Monday, December 19, 2011

There Can be no Steppe Wolves in the Church

Our pastor’s sermon this week concerned the importance of body life: there can be no permanent steppe wolves in Christianity. I would perhaps state it more precisely that to be a Christian by definition means to be a kingdom dweller—a member of the covenant family of God. And the kingdom of God is a unified community of unique individuals bearing the image of God, without losing the distinction of each individual. Therefore, not only do we need each other to successfully live under the kingship of Christ—my pastor’s thesis—it’s ridiculous to conceive Christianity any other way.

The problem is we do tend to see Christianity as something less than a kingdom. My pastor confessed of how it breaks his heart to learn of people who have left our church because they could never fit in. Sometimes this is the fault of the person in question because of his unrealistic expectations. But to my pastor’s point, the lion-share of those disconnections is more likely due to a form of elitism that has built up within the congregation. Many people cannot fit in because they remain marginalized. This contradicts the very foundation of Christianity, for it is contrary to God’s purpose in creation; God created us to be a kingdom in which He dwells with us. And this holy kingdom is necessarily united in love.

In my book I spoke at length on what this love must look like. I pointed out, as did C.S. Lewis before me, we can easily supplant this essential and complete love with one of its subsidiary loves, and come to believe that what we end up practicing is the love God expresses. What my pastor grieves can be traced to this kind of misappropriation of love.

A very real and spiritual natural love is friendship, what we share with one or more persons in purpose. This love begins not just in common tasks but common visions and perceptions of the meanings behind those tasks. A deep and close camaraderie results in this love of friendship. It’s a beautiful thing until it turns bad by becoming exclusionary.

This is what can easily happen. We align ourselves with our friends because they see things the way we do, they support us when we need support, they stand with us when we’ve been wronged, and rejoice with us when we are right. They are like mobile fortresses. So when we join them in church or other places, we often give only half-hearted consideration of others who might approach our circle from the outside, instead of stopping and giving them our full attention.

Full attention to others means a lot of things; let me offer three that come to mind.

First, incorporating the person into the conversation, and allowing it to evolve in any direction, even if not specifically of one’s high-interest areas—those defining your intimate friendships—or the original topic. Take advantage of the situation to learn more about the person by truly caring about them and what they have to say. Do this by listening to their perspectives with an open heart and mind. Seek out to know and understand their interests, and then genuinely celebrate them. Perhaps the person will never be a bosom buddy, but they are and always will be your brother or sister in Christ. And that is the only circle that matters.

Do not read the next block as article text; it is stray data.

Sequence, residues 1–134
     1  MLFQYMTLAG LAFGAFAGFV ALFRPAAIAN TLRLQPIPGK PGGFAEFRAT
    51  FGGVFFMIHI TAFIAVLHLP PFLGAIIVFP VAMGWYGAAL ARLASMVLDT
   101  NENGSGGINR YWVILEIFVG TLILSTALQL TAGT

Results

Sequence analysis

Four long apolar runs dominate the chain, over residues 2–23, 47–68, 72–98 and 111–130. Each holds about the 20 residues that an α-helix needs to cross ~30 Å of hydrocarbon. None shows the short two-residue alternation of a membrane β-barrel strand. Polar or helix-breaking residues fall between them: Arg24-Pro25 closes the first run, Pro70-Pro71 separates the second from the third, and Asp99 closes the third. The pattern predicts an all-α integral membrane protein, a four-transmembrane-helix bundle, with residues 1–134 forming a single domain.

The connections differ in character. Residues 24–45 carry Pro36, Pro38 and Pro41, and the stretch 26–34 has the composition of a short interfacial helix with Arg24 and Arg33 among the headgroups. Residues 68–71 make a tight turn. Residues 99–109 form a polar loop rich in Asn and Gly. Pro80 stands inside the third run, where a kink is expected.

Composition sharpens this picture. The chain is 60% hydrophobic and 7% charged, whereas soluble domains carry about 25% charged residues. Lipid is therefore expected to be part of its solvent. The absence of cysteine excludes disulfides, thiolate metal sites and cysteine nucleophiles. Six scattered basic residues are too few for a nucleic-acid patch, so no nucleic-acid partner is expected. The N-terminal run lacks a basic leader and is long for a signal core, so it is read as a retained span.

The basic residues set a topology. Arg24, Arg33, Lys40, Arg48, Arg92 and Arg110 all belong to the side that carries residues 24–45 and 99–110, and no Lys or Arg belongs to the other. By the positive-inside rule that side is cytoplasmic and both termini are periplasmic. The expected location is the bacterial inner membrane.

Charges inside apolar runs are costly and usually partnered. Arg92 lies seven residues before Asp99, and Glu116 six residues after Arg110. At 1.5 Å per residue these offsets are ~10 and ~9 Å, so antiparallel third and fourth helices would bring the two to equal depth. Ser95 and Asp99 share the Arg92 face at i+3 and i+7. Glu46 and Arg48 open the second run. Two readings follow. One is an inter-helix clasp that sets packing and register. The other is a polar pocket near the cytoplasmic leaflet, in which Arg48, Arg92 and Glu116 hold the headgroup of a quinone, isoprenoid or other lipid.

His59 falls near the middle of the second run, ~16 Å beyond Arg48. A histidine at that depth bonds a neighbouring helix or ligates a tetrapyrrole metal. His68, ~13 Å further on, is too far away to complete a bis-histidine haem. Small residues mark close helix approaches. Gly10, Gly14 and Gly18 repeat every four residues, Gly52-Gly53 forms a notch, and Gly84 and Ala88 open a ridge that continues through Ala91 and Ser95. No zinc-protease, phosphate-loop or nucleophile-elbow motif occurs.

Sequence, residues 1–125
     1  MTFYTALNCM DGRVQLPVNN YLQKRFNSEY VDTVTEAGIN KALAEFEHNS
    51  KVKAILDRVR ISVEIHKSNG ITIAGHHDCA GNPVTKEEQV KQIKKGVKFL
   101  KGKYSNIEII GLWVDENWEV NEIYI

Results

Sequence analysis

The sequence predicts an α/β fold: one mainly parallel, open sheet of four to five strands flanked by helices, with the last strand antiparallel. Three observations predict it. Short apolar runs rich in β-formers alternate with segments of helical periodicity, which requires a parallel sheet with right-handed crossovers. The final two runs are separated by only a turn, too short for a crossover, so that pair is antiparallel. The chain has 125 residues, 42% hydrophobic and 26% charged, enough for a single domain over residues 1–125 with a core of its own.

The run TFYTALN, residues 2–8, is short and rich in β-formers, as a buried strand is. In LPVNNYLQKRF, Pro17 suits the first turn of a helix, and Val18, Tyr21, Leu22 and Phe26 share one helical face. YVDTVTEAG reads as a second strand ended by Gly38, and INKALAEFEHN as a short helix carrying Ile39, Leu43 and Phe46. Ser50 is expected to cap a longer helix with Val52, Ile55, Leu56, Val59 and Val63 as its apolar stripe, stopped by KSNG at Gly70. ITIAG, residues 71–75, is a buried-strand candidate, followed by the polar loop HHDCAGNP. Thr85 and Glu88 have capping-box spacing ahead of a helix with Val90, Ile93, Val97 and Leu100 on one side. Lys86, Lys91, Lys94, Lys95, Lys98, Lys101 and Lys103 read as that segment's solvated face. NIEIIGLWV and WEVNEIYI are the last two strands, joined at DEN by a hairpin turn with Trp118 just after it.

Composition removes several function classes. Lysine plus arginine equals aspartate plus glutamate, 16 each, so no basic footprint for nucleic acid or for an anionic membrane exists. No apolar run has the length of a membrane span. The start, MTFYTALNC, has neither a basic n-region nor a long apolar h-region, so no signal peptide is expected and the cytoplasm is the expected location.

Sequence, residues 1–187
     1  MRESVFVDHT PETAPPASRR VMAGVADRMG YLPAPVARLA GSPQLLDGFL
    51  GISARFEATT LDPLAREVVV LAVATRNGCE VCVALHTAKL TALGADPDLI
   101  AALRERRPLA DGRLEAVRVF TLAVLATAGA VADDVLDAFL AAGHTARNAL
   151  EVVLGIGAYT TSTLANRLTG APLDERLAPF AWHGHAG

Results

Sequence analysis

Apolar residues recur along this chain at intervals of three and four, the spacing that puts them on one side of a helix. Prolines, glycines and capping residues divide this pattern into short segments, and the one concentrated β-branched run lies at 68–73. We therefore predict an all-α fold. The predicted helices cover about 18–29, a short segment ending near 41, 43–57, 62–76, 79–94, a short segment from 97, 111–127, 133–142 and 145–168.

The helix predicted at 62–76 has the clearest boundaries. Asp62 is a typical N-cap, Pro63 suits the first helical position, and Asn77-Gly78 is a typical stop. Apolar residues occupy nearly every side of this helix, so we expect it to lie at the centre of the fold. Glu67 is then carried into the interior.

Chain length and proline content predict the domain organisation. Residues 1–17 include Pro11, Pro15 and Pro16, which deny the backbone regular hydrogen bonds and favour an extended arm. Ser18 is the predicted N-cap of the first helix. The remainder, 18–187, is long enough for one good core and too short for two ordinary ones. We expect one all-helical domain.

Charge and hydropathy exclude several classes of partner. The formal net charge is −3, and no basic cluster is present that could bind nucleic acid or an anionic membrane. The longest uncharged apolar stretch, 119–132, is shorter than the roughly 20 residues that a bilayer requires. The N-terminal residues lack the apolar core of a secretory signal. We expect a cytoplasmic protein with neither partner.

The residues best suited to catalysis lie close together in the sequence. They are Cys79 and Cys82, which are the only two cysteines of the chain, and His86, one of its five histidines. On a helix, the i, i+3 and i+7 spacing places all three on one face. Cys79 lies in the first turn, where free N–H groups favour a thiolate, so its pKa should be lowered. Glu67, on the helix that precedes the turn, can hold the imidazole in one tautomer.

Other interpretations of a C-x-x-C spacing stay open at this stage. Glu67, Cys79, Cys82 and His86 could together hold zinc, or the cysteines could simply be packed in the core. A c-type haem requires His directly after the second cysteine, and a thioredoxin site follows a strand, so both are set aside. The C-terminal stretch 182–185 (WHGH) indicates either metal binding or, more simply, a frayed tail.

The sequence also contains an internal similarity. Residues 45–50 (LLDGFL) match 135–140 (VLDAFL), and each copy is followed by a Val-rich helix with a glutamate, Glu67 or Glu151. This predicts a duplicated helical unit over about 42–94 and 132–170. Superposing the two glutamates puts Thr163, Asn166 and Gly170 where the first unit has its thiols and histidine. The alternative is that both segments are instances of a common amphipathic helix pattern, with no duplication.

Second, don’t pick and choose whom you will associate, even if only casually on Sunday mornings, in terms of what you think you might gain through the association. Such prejudice is frankly an abomination to God. Poor or rich, educated or not, healthy or sickly, each of us are kingdom members, which means we were each created for a given purpose and meaning in the kingdom, and therefore vital and equally valued and loved.

Finally, forgive each other. Forgive out of the supreme humility of knowing God has forgiven you. Be merciful to each other with the sacrifice of mercy that necessarily forgets, retains no hidden debts or agendas, and seeks not its own justice.

Remember, if we are true Christ followers, we are dwellers in the kingdom of God that stands today, not some far off heavenly place where all our troubles and responsibilities will be behind us, and where we will play harps and eat grapes. The kingdom has come, and Christ is our king if we call ourselves Christians. It is and shall forever be a place of peace and contentment because God dwells with us and we are completely who He has named us to be, even if for a time the kingdom co-exists with a very fallen and dark world. Rightly so: this is why Christ came in the middle of history, that His kingdom might be a beacon of light shining in the darkness leading the way of as many who are willing to follow it back in to fellowship with their Creator.

Therefore if God’s purpose has always been an expanding holy community of beings bearing His image bound together with Him in love, then clearly there can be no steppe wolves, nor, for that matter, wolf packs in His kingdom. God’s love is giving and receiving, and receiving to give again. And God’s love does not want to be contained.